Trump breaks off talks on end to US war in Afghanistan

By Bill Van Auken
9 September 2019

In a bizarre series of tweets on Saturday night, US President Donald Trump said that he had called off secretly planned talks at the Camp David presidential retreat for the next day with both the US-backed regime in Afghanistan and the Taliban.

He also announced that Washington was halting its nearly year-long negotiations with the Taliban in Qatar aimed at ending the 18-year-old American military intervention in Afghanistan, the longest war in US history.

“Unbeknownst to almost everyone, the major Taliban leaders and, separately, the President of Afghanistan, were going to secretly meet with me at Camp David on Sunday. They were coming to the United States tonight,” Trump declared on Twitter Saturday.

He claimed that he had called off the talks in response to a suicide car bombing at a checkpoint near the US Embassy in Kabul last Thursday that claimed the lives of 12 people, including one US soldier and a member of the Romanian military attached to the NATO-led mission in Afghanistan. The Taliban claimed responsibility for the blast, as it had for an earlier suicide bomb attack last Monday that killed at least 18 people near the so-called Green Village, a fortified enclave in Kabul housing US military contractors and NGOs.

US troops in Spera, Afghanistan, on Nov. 16, 2009 [Credit: U.S. Air force]

After the latest bombing, Trump claimed, “I immediately cancelled the meeting and called off peace negotiations. What kind of people would kill so many in order to seemingly strengthen their bargaining position?”

As with most of the US president’s tweets, every word is a lie.

There was no immediate cancelation of the planned meeting. On Friday, a day after the bombing in Kabul, the chief US negotiator, Zalmay Khalilzad, and the senior US commander in Afghanistan, Gen. Scott Miller, flew to Doha, the Qatari capital, for another round of talks with the Taliban.

Taliban negotiators themselves said that until Saturday, there appeared to be no disruption of the Doha talks, which completed their ninth round at the end of August. On September 2, Khalilzad announced that a peace agreement had been concluded “in principle,” which still had to be approved by Trump.

As for “what kind of people would kill so many in order to seemingly strengthen their bargaining position,” Trump doesn’t have to look far to find the answer.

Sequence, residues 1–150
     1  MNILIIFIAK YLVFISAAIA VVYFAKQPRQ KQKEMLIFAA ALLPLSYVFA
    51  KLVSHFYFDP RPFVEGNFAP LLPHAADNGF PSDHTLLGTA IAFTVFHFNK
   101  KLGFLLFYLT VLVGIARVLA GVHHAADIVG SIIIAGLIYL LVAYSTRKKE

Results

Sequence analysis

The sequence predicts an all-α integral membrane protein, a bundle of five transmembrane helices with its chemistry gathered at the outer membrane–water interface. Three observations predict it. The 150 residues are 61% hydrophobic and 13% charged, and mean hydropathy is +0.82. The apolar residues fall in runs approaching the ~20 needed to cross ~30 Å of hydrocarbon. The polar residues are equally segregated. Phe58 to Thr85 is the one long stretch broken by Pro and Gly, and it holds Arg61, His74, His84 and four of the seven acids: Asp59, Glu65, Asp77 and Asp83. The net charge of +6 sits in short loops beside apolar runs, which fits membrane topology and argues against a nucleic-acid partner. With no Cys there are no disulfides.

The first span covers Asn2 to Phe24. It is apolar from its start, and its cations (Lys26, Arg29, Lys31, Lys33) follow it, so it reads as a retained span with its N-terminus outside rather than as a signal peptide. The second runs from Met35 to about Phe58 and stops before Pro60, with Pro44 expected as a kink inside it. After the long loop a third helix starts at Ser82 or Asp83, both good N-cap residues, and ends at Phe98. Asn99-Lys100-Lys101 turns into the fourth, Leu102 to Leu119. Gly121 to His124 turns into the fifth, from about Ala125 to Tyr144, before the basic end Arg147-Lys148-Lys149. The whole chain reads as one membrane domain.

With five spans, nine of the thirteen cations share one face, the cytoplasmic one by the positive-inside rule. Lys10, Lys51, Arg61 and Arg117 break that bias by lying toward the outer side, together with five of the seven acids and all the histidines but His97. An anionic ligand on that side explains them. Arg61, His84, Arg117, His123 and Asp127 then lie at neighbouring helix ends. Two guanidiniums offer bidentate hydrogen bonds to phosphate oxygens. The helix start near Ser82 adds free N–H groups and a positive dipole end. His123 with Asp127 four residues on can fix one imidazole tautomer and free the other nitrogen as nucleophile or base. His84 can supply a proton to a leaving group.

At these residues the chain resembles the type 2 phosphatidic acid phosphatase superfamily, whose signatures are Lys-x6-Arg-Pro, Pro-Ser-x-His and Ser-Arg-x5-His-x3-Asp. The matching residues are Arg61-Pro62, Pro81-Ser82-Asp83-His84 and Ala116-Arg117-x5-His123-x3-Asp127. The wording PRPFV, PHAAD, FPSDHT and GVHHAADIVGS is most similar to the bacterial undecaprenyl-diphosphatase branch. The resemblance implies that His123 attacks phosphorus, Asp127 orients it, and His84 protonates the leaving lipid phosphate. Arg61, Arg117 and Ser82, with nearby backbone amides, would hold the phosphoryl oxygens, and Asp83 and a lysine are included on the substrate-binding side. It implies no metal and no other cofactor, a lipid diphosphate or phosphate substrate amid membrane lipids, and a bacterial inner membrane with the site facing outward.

The US military and Afghan puppet security forces have sharply stepped up bombing and assassination campaigns directed against the Taliban and its sympathizers. In recent weeks, a number of senior Taliban commanders and their relatives have been killed as Washington uses military force in a bid to promote its own “bargaining position.”

The United Nations Assistance Mission in Afghanistan (UNAMA) reported last month that at least 1,500 people were killed in July, the highest death toll since May 2017. This follows an earlier UN report that found that civilian deaths rose to 3,804 in 2018, an 11 percent increase over the previous year and the highest annual toll since the war began with the US invasion of October 2001.

Another report put out by UNAMA in May stated that US-NATO forces along with the Afghan security forces killed more civilians during the first three months of this year (when the Doha talks were already ongoing) than the number falling victim to the Taliban and other armed groups opposed to the regime in Kabul.

Appearing on television news talk shows on Sunday, Secretary of State Mike Pompeo defended Trump’s aborted plan to bring the Taliban to Camp David, while reporting that the US military had killed 1,000 of its fighters over the previous 10 days.

Clearly, both the Taliban and the US military have continued armed attacks—American attacks proving far more deadly—even as US and Taliban negotiators have been hammering out a deal in Doha.